Monday, October 19, 2015

Cormac McCarthy / The Stonemason

Cormac McCarthy
A Play in Five Acts
by Sam Marinov

The Stonemason, a five-act play, is Cormac McCarthy’s first published excursion into the realm of drama even though he had written the screenplay toThe Gardener’s Son fifteen years earlier. In fact, The Stonemason had been written, several years prior to its publication, as part of a dramatic series sponsored by the National Theater in Washington, D.C. For various reasons, however, it was never actually produced.

This play focuses on the tribulations of the Telfair family over a three year period. The story is presented through the eyes of Ben Telfair, a 32 year old third generation stonemason who uses a series of monologues to provide an extended and frequently convoluted commentary on the events taking place on stage and off. The Telfairs seem a solid, hard-working and rather successful middle-class black family living in Louisville, Kentucky in the early 1970s. Oddly enough, except for one or two passing references to social issues, the issue of race is hardly relevant to the play’s plot.

Ben has recently abandoned his University studies in psychology to continue the family tradition of stonemasonry. He is strongly attached to his 100 year old grandfather, Papaw, who believes in the old-fashioned family values of honesty, integrity, and hard work, the values Ben intends to ingrain in his own life. Ben’s wife, Maven, is an attractive and honest woman who wants to become a lawyer. Ben’s mother, Mama, is an almost archetypal motherly figure: taking care of everybody in her family, big and small; worrying about her loved ones; trying to fix everybody’s problems.

While Ben is apparently intended to be the protagonist, the events in the life of other family members provide the real dramatic vehicle for the play. Ben’s older sister, Carlotta, preoccupied by her failed marriage, neglects her 15 year old son, Soldier, who becomes involved in crime and drugs and eventually runs away from home. Soldier returns three years later only to die from drug addiction. Ben’s father, Big Ben, on the surface a successful owner of the stonemason business, is actually going through some unidentified financial problems which eventually lead to his suicide. The deaths of Soldier and Big Ben profoundly affect the life of the Telfair family.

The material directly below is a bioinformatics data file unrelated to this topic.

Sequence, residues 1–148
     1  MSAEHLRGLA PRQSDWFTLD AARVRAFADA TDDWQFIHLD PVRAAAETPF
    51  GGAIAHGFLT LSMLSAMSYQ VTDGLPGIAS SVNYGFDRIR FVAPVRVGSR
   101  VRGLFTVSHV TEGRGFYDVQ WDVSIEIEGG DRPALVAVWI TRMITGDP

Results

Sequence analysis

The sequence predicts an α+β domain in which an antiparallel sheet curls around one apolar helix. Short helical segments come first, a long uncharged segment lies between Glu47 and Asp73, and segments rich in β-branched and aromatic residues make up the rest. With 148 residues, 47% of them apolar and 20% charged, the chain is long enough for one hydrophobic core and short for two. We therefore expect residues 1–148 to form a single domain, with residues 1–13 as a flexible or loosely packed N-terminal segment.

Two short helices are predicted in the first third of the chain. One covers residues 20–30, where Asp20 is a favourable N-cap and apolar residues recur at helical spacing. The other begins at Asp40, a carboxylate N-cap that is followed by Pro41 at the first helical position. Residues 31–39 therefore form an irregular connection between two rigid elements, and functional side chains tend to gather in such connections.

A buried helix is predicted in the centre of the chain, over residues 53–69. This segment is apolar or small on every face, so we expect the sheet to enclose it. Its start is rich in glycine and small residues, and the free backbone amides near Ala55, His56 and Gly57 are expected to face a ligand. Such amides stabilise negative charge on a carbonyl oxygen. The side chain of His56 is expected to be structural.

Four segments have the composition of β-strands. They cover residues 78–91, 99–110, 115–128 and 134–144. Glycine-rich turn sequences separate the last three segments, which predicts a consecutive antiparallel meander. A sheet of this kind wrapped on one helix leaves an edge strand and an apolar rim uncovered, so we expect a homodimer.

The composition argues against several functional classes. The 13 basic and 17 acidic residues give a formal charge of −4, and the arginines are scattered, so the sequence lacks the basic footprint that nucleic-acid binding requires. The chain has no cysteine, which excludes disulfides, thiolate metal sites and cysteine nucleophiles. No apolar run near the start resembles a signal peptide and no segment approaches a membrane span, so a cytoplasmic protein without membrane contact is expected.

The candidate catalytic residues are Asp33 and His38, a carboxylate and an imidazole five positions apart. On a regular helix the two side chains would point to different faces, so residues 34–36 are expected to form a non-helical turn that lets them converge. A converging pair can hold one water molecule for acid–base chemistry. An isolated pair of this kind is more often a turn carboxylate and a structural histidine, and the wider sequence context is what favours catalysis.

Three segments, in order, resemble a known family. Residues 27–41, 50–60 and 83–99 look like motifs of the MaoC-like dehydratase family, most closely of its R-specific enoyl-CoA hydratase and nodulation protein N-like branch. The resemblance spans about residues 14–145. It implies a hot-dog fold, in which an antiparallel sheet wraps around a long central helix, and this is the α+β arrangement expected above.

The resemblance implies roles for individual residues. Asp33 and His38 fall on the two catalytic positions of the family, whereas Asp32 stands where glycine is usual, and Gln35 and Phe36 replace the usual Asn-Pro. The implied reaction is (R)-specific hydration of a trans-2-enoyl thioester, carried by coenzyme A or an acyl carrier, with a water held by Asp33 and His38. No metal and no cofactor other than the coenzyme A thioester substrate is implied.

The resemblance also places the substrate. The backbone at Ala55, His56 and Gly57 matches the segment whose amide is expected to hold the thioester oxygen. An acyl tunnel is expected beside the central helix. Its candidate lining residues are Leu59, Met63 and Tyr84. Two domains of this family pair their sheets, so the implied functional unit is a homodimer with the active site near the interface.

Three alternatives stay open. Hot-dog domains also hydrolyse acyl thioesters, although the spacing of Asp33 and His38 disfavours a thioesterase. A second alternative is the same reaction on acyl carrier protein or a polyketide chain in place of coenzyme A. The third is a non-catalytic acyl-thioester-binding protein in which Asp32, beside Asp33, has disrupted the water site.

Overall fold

Dramatically, the play develops very slowly. As written, there are actually two Bens—the deus ex machina who lectures or describes events from a podium and the character who appears in the action of the story. Almost two acts are taken up to provide background information, a prelude to the most interesting, emotionally charged events which take place later in the play. Meanwhile, Ben’s lengthy monologues and Papaw’s lessons in stonemasonry, which are developed more like novelistic narrative than dramatic dialogue, quickly become detached from the play’s action. As a result, potentially more interesting characters with real problems, such as Big Ben and Soldier, are not sufficiently developed. The same can be said about Maven, a rather plain, one-dimensional character serving as a simple extension of Ben’s figure; little is made of the contrast between her desire for a professional education and Ben’s abandonment of his own. Ben’s function as a one-man chorus, a narrator and commentator to the events taking place on stage, makes the protagonist a distracting moralistic voice, which threatens to render the play static and verbose, often sapping the dramatic tension necessary to sustain an audience’s attention. It remains to be seen whether clever staging and direction can overcome the potential problems inherent in the play’s structure as it is written.

The preceding précis is Copyright © 1997 by Sam Marinov.

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